I could not believe what my costs were for maintaining a blog when I first sat down to do a business plan about two years ago. Prior to that, I was pretty much freestyling it, and I do not recommend this approach. All businesses have some type of fees involved, and blogging is no different. You invest in things like a computer, but so much more, including (well for me, this is a basic list):
- Backup program
- PicMonkey service
- Tech person to help on the back end – if needed
- Server fees
- Hosting fees
- Advertising costs (Facebook, etc)
- Contest fees
- Postage for contest and shipping to winners of prizes
- Graphics, templates
- Business cards
- Membership associations
- Fees to conferences like BlogPaws
- Trademarks, logos, artwork – if needed
- PayPal fees
And so on – this is just a sampling. When you see the fees, you might think twice when a brand comes knocking and finds it acceptable to offer you treats in return for a fantastic review because it would be good for your blog traffic to do so. I say okay now and then to freebies if I have a relationship established and it will benefit me and my blog. My business plan keeps me on track, especially this section. The person pitching you is getting paid to do so and you should get paid to do your job, too. Bloggers are influencers, so keep this in mind.
Part Five: Long-Term Goals
I have a long-term goal section for this year and for next year and the one after – you can choose to do them all at once or just a month at a time. However, I highly recommend you at least have a yearly goal. What do you want from your blog a year from now? Define it before you can pursue it. As I told a blogger this week, you can’t get in a car and expect to arrive at your destination without a clear sense of the route to get there. GPS helps in the car and a blog business plan helps keep you on course.
Part Six: Marketing Plan
Aside from the business plan, a subsection included is marketing plan. My marketing plan includes goals/strategies/tactics to market my blog. Marketing is a combination of product, price, promotion, and distribution (thank you business classes in college). So consider what you are selling, what price points you have set, and how you will promote your blog. For distribution, this applies more to a tangible product, but don’t skip that. The Marketing plan should include a completed media kit, pricing your services, working with advertisers, brands, networks, affiliates, etc.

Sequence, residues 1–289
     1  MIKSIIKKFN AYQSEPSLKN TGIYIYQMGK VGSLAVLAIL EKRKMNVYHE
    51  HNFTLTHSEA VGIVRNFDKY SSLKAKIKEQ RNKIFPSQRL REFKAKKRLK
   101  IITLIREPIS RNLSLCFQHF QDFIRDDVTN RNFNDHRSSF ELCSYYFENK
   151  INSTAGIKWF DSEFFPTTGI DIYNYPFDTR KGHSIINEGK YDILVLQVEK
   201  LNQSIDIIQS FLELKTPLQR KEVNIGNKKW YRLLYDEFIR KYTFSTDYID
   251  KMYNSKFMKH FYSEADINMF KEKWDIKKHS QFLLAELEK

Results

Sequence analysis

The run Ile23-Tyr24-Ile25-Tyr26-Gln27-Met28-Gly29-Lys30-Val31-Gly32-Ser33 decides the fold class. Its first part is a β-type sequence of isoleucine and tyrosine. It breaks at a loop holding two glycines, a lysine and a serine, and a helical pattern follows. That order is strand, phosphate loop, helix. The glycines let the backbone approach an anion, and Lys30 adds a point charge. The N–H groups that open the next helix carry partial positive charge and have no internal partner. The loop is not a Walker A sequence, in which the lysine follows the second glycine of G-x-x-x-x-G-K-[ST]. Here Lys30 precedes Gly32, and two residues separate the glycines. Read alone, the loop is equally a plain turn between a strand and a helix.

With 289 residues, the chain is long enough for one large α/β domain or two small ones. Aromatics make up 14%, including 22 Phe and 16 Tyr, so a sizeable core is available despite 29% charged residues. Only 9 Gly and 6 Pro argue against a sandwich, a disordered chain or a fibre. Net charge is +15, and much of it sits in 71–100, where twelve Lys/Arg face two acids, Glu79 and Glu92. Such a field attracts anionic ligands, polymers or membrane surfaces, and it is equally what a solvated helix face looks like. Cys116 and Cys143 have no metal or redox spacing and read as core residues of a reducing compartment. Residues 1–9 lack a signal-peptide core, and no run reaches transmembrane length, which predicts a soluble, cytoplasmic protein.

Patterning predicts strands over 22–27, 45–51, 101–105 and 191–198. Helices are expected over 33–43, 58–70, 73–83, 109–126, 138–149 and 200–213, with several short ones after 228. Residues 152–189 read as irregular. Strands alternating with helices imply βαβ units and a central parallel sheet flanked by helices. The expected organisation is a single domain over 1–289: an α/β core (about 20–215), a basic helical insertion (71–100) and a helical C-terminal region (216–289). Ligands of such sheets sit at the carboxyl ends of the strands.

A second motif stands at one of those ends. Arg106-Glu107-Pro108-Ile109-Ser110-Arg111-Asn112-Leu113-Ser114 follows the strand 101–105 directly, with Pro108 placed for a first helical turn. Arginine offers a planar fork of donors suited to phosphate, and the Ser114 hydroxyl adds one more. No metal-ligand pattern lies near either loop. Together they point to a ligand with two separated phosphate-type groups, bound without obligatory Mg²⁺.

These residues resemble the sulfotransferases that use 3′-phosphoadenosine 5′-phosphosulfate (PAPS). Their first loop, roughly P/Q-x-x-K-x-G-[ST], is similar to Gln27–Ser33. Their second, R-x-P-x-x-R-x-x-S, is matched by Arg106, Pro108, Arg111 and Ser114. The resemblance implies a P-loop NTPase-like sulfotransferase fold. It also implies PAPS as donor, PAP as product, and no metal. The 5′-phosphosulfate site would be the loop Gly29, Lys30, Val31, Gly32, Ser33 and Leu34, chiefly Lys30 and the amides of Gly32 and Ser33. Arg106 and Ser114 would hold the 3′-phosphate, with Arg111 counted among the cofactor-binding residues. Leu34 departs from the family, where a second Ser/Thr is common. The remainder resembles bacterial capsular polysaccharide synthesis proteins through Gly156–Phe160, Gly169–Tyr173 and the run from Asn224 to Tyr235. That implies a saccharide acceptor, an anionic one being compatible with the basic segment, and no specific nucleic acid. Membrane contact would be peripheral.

Part Seven: Immediate and Short-Term Goals
Having a long-term goal in place was done earlier in the business plan because in this section you will develop bite-sizes achievable ways to get to that long-term goal(s). Take it month by month and set those goals for that month only. Do you want an editorial calendar? Do you want to write elsewhere to gain more traffic and name recognition? Do you want to get to BlogPaws in person? How much money do you need to save in order to get there? These things need to be built into your goals. In fact, build your finances into that section. Decide that you are coming to the BlogPaws Conference and then how to make it financially happen. Start saving NOW for the BlogPaws 2015 Conference.
Within the BlogPaws Facebook Community Boost Group, discussion has arisen of late regarding business plans. If you want an even deeper step-by-step analysis, read through each of these detailed blog posts to help you formulate your plan:
If you have a full- or part-time job, chances are you have a set of assigned tasks you perform in that job. You don’t show up and guess at what to do or try to fly by the seat of your pants and hope someone tells you how to do your job. You know if you perform, you get paid.
If you want to make money blogging, a blog business plan functions in the same way as duties at a customary job. You have the tasks in place so you know what to do to achieve your goals. Running a blog means you are an entrepreneur. You have the power to decide how much money you will make and what it takes to make that happen.
What can you do to make this happen?